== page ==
Malta still frowns upon the use of cannabis for any reason whatsoever. It is not unusual for a police officer to charge citizens with cannabis possession regardless of the quantity found or, whether or not the suspect has an intent to use.
In fact, the Justice ministry of Malta reports that every day in the ancient country, someone gets charged for cannabis possession.
About 90% of the arrested suspects are first-time offenders. These people get prosecuted by the law enforcement agencies for simply having weed on them.
Since the drugs tribunal was first set up in September 2015 up till December 2020, a total of 1897 people have been charged.
Out of this 1897, about 90%, had no prior criminal record.
897 citizens were brought in for simple possession of cocaine.
136 Maltese were charged with simple possession of ecstasy drugs.
184 people were brought in for simple possession of heroin.
Cannabis possession accounts for two in every three drug tribunal sessions.
About 60% of the held tribunal prosecutions can be attributed to possession of very small quantities of drugs.
The drug tribunal was put up to be a critical part of legal reform for drug use in Malta. The trivial arrests have undermined the true purpose of the tribunal. Sometimes this year, the general public gave an outcry after a couple was arrested in a hotel and charged with simple possession of marijuana.
In response, the police force released pictures that showed a weed grinder, a little wrap of weed that looked half-smoked, and the leftover cannabis kept in a bag. The police did not issue any statement to explain just how much cannabis was obtained from the scene. They kept mute. People deduced it was a small amount from the telling silence.
Due to the outrage, there have been proposed ways of tackling the simple possession of hemp and cannabis.
The public believes that the drug shouldn’t be classified with other drugs like cocaine and heroin.
The Prime Minister of Malta, Robert Abela addressed the citizens of Malta. He assured that something was going to be done about the arrests. He further confirmed that a new policy would be introduced as soon as possible to regulate these arrests. He said the law would end the era of policemen making arrests for simple possession of little amounts of cannabis for personal use.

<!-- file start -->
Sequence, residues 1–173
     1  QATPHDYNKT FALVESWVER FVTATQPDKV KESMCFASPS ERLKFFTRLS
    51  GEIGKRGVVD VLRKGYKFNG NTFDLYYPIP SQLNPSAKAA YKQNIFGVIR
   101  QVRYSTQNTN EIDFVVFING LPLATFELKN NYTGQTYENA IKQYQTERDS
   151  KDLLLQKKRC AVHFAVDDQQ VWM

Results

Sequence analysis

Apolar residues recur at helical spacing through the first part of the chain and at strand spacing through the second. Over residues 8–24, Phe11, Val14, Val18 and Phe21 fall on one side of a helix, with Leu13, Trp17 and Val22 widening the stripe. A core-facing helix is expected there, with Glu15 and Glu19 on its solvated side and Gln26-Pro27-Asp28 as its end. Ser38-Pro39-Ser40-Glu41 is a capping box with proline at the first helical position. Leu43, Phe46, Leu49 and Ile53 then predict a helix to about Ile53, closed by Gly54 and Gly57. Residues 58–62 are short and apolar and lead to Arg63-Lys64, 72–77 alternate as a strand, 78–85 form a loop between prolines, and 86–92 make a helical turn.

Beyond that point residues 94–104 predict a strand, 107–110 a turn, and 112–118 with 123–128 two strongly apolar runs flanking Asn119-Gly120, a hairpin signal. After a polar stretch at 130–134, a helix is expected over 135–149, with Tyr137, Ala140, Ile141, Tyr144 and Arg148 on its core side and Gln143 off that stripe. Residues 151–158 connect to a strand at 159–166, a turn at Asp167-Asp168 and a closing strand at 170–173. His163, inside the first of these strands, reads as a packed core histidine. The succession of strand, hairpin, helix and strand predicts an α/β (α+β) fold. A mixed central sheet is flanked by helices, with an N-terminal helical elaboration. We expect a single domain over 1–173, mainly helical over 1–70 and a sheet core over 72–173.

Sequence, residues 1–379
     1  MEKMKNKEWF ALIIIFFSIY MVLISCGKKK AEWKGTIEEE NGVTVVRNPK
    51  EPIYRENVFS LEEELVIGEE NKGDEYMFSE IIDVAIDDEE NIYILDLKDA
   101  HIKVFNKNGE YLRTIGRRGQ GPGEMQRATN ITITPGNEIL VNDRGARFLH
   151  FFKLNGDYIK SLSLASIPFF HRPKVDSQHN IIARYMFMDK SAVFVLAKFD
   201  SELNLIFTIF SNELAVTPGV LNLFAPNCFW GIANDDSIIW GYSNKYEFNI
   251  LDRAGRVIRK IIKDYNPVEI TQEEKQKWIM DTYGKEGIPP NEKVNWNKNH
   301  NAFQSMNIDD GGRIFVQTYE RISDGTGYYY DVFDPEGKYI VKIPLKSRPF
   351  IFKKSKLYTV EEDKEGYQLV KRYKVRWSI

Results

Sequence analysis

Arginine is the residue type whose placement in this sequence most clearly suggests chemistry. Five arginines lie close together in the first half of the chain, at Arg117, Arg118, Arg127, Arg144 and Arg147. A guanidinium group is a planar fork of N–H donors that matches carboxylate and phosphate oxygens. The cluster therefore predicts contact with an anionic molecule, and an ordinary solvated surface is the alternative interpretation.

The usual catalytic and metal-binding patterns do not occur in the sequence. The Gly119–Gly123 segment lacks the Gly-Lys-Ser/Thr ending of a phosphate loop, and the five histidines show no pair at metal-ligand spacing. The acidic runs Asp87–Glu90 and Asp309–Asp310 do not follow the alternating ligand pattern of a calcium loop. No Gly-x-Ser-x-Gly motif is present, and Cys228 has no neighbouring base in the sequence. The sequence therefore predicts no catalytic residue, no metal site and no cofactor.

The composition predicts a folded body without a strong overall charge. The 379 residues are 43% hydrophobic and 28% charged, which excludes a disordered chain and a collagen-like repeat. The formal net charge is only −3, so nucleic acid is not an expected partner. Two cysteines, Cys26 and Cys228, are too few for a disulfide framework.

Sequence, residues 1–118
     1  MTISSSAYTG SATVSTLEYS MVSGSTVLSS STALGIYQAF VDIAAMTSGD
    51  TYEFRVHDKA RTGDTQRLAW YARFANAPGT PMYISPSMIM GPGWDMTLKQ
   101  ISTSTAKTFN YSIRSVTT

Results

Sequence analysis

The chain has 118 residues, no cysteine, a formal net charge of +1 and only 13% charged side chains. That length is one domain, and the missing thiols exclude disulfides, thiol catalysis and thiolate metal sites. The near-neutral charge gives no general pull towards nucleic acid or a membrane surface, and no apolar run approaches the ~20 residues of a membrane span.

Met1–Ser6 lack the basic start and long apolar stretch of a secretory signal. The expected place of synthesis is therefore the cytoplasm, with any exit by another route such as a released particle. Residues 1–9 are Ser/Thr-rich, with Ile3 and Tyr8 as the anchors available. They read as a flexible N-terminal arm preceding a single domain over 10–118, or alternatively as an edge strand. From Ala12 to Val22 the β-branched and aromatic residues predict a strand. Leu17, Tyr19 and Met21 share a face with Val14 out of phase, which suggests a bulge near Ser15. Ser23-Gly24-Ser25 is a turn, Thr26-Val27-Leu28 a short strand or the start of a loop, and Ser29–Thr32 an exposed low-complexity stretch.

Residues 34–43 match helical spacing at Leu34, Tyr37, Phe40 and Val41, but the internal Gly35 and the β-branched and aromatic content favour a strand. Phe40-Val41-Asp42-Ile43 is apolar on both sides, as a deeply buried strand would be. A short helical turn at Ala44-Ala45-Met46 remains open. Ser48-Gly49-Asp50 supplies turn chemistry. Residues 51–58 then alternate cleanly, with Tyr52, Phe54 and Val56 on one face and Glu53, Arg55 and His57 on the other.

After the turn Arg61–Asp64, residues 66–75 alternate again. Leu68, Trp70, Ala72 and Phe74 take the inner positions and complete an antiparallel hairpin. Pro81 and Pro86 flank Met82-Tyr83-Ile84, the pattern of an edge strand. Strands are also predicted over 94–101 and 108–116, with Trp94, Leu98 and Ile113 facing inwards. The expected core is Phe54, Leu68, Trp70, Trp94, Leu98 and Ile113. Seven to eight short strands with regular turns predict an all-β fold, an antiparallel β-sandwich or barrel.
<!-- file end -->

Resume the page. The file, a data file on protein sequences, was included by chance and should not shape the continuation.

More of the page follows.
Currently, the constitution in place only allows a citizen to possess only 3.5g of marijuana plants. The plans in motion would increase the amount of cannabis a citizen is allowed to hold. Possession of cannabis beyond 3.5g would be decriminalized.
A new limit would be announced by the government soon.
The Prime Minister also stated that the new law would authorize the cultivation of a small number of cannabis plants in homes for personal use. The number would also be announced soon.
However, doubts have been cast. Organizations like Caritas and Sedqa have warned that the government might be unable to curb the abuse of marijuana plants if it legalizes adult use. They also noted that the legalization of marijuana products will increase its consumption and cause the prices to fall. Varieties with higher concentrations of THC and CBD content will also be developed.
The Drug Tribunal was set up under the Drug Dependence Act in the Constitution of Malta.
The previous law does not give room for fines to be issued to first-time offenders. The police were allowed to arrest anyone immediately irrespective of the amount of cannabis found with them. After arrests have been made, the suspects are issued dates to attend their drug tribunal session. All guilty offenders were given jail sentences.
From September 2015 to December 2020, 1277 people were charged based on having cannabis or a part of cannabis in possession. While the remaining 620 were charged for possessing cannabis resin.
The proposed law will ensure no indiscriminate arrests are made. Only suspects found with very high amounts, (depending on the figures to be announced), of cannabis, will be arrested. Those found guilty of simple possession of little amounts of the marijuana plant or resin will be free to go as soon as the fine is paid.
The law permits the suspect to be detained for up to 48 hours regardless of the quantity seen in their possession. This is to allow the police force to make investigations related to drug trafficking in the country. As soon as the person is found to be free of any affiliations with drug traffickers, they are allowed to pay the fine and leave.
In the U.S, cannabis-related arrests used to outpace violent crimes related arrests combined. Yes, that’s true. It was that bad. It was so bad that the FBI deduced there were at least three cannabis arrests every 5 minutes.
Like Malta, most of these arrests were not for selling or growing marijuana plants, rather they were for simple possession.
These arrests have reduced now with the legalization of medical and adult-use of cannabis drugs in the majority of the states.
Nowadays, arrests are carried out when unlicensed cannabis cultivation sites are discovered in these states.
In the US, a cannabis arrest will leave a permanent criminal history that could result in the loss of housing, employment, and financial assistance. In extreme cases, offenders have lost custody of their children.
The faster clearer rules are laid down by the government of Malta, the earlier these unwarranted arrests can be curbed.
More so, when arrests due to simple possession of cannabis are reduced, the drug tribunal would be free to carry out quick trials on important cases.
Unverified sources claim the Prime Minister would make that much-needed announcement in a few weeks.
Till the new laws are laid down, it is advised that every citizen of Malta stay away from holding cannabis or cultivating the plant for personal use.